BROOMFIELD — The economy may have emerged out of its “nuclear winter,” as one pundit put it. But if we were really out of the woods, hundreds of people wouldn’t have shown up expressing a willingness to work for free.
It was an interesting paradox Thursday at CTEK’s 10th annual Forecast Fair, which, this year, was held in conjunction with its third “Making Business Happen” event.
While the former gathers a distinguished panel to discuss trends they see in the economy overall and technology in particular, the latter is an event in which young companies try to sell unemployed workers on the idea of contributing “venture labor” — working for deferred compensation — to their fledgling enterprises.
“I am very optimistic about the economy in general, and I’m very optimistic about technology more specifically,” said Tom Hoenig, president and CEO of the Federal Reserve Bank of Kansas City and one of the Forecast Fair’s panelists.
Hoenig said that when the final numbers come out, he expects that the nation’s gross domestic product will show growth of slightly more than 4 percent for 2003.
He also cited several factors which he believes indicate momentum for this year, including interest rates remaining low; the improvement of corporate profits — “I think that’s extremely important for investment, and I also think that’s extremely important for attitudes,” he said — improving foreign economies, including in Europe, Asia and South America; and a low inflation rate, which Hoenig said was currently running below 2 percent, a figure he expected to continue throughout this year.
Concerns, Hoenig said, remain what they’ve been the past couple of years: another terrorist incident on these shores or an unexpected threat like mad cow disease.
Although his comments were generally optimistic, he did note that the unemployment rate remains a concern.
“My own view is that as we continue to see the economy improve, we will see the employment outlook improve as well,” Hoenig said, adding that jobs need to grow by about 100,000 a month to see real improvement.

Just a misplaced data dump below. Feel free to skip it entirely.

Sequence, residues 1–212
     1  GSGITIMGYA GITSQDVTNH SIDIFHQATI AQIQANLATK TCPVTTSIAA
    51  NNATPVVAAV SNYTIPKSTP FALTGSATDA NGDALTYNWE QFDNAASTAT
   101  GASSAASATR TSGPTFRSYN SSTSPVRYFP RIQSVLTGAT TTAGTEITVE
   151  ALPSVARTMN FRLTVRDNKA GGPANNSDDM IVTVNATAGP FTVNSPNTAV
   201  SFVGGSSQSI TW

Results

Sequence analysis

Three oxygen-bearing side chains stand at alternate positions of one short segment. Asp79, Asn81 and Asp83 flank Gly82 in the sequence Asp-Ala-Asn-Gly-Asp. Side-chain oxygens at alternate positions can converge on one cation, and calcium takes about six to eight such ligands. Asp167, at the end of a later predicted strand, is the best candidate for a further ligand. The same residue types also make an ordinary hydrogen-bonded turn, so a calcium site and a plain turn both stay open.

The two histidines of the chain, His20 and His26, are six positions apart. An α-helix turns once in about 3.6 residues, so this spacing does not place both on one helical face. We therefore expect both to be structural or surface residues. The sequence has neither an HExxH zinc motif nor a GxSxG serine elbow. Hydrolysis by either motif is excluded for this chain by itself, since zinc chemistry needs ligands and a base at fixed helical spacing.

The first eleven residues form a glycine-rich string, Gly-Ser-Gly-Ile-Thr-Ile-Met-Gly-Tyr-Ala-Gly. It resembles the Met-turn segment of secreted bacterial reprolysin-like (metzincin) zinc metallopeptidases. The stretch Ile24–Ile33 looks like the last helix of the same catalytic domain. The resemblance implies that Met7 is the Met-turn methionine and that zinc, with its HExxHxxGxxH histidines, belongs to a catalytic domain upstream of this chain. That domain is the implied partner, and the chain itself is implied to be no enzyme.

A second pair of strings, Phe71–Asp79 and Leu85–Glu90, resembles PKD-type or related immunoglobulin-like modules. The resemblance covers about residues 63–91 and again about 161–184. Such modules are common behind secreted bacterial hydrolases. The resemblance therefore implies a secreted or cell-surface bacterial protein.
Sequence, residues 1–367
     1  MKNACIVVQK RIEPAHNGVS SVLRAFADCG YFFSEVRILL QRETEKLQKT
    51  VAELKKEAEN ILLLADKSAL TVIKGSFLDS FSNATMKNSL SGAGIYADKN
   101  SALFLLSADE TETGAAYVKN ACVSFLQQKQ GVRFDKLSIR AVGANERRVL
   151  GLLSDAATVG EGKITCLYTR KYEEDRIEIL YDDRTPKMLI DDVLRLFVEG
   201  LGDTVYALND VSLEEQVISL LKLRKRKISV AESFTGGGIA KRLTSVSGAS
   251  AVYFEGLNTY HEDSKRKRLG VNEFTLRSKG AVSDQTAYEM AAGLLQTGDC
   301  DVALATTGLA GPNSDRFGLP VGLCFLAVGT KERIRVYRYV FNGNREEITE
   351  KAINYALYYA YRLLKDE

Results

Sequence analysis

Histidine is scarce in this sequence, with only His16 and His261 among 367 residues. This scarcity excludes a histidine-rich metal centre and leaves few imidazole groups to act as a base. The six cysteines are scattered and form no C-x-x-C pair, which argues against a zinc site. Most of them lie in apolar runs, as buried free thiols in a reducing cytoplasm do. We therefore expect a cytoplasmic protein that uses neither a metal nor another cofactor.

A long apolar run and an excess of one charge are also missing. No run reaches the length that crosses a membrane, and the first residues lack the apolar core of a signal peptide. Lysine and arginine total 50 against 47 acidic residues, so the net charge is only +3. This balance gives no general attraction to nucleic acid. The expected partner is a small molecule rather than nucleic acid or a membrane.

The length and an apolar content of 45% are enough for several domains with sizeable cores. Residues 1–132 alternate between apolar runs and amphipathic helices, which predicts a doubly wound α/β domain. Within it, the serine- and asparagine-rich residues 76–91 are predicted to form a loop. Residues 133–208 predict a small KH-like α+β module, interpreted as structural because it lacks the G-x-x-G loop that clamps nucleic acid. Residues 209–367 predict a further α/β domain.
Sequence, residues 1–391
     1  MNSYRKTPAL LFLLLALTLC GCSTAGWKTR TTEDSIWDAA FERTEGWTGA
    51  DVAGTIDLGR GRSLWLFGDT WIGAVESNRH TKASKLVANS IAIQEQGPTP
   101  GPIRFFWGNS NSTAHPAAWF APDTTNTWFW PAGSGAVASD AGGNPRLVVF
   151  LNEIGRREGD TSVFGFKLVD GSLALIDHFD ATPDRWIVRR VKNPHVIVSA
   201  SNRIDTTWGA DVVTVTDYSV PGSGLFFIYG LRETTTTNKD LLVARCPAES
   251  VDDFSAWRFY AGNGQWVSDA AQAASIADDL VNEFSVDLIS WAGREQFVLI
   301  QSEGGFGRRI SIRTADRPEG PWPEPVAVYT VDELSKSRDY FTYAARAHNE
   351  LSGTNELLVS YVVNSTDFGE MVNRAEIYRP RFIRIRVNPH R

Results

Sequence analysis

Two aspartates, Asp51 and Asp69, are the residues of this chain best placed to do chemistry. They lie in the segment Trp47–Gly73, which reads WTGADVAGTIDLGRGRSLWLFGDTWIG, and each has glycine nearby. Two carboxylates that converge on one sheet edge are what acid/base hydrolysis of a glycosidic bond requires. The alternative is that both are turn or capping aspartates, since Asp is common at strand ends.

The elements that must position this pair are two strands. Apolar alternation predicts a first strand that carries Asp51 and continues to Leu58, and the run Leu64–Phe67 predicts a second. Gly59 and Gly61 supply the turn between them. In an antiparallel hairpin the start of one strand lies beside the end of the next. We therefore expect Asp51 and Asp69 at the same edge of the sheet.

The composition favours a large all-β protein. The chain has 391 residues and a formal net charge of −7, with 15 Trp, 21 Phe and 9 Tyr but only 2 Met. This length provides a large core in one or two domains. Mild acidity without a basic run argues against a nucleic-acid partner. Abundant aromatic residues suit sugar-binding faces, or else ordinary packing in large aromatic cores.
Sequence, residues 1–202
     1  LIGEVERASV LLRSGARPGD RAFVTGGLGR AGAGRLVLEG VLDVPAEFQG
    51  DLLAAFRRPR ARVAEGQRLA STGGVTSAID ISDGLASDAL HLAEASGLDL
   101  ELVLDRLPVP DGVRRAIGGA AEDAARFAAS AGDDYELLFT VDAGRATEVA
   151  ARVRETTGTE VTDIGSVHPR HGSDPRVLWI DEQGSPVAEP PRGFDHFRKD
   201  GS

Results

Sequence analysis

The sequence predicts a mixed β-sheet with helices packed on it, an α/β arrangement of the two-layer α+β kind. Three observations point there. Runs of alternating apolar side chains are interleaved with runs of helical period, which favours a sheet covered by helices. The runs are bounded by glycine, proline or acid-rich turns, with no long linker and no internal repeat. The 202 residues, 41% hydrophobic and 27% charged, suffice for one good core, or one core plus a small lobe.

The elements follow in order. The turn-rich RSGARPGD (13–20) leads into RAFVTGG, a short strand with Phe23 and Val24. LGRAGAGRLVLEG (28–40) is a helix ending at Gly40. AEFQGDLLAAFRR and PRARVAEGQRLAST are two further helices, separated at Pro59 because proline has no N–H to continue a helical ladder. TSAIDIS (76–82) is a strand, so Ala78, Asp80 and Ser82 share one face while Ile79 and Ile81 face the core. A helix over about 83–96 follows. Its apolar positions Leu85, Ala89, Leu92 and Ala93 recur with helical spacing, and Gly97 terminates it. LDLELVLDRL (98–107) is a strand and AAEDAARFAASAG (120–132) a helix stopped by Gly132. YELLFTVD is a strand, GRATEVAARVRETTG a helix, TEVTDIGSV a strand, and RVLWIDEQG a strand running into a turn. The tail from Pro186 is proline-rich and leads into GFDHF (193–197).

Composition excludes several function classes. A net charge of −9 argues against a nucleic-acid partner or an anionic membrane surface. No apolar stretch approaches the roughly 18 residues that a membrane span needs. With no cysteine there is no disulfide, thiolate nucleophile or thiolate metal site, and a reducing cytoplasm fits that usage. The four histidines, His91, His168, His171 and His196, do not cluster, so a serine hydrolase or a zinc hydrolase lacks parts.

As for Colorado’s economy — the Federal Reserve’s 10th District includes this state — Hoenig said it was clear why the recovery was taking longer here.
“It reflects the U.S. in many ways, although it is more focused, more concentrated, in the technology sector,” Hoenig said. “That’s why Colorado is seeing more of a hit, but it should continue to strengthen.”
Other panelists offered their own, generally upbeat take on things. Jared Polis, chairman of the Colorado State Board of Education and Ernst & Young’s 2000 Entrepreneur of the Year, told the crowd of more than 400 that this was an excellent time to launch a business.
“It’s harder to raise capital now, people tell me, and I see that as a positive,” said Polis, adding that because there is more “rationality” in the business climate, “that bestows its own set of unique advantages.”
Gretchen Jahn, co-founder and a board member of Aegis Analytical Corp., came to the panel with more than two decades of experience in information technology. Although she acknowledged the impact the recent recession had on the high-tech industry, she said the mood is improving.
Trends in radio-frequency identification, security and health care, and compliance with the Sarbanes-Oxley Act all present opportunities for IT product and service companies, she said.
The second half of Thursday’s event at Level 3 Communications was CTEK’s third stab at bringing together displaced workers with companies that need them.
“Making Business Happen started a year ago at the Forecast Fair, when we got together and discussed how we could get things unstuck and get business happening again,” said Lu Cordova, CTEK’s president.
The first MBH, held last June, drew hundreds of people, as did the second event held last fall.
The concept is simple: Young start-up companies can’t get venture capital funding because they don’t yet have a product. The companies don’t have a product because they can’t afford to hire people because they don’t have any money. MBH, therefore, is designed to bring some of these fledgling companies forward to pitch their ideas before a crowd of very talented, but often unemployed, people willing to work for “deferred compensation.” If the idea behind the company works, they’ll get paid.
Mark Feuer, a volunteer with CTEK who coordinates the event, coined the term “venture labor” to describe these workers.
Feuer said that of the audience members who showed up for Thursday’s MBH, 68 percent were people looking for a new position, 10 percent were companies looking to hire — “Please raise your hands so we can inundate you later,” quipped Feuer — and 17 percent were service providers hoping to hawk their various products.
“Sixty-four percent of the people in this room have either a master’s or Ph.D.,” said Feuer, adding that, “71 percent said they would work for one to six months, and 11 percent said they would work for a year or more.”
Thursday, five companies were on hand to pitch for venture labor.
“We’ve got all the right pieces,” Cordova told the crowd before the pitching began. “We’ve got labor, we’ve got capital, we’ve got ideas. They’re just not in the right order.”
Tony Kindelspire can be reached at 303-776-2244, Ext. 291, or by e-mail at firstname.lastname@example.org.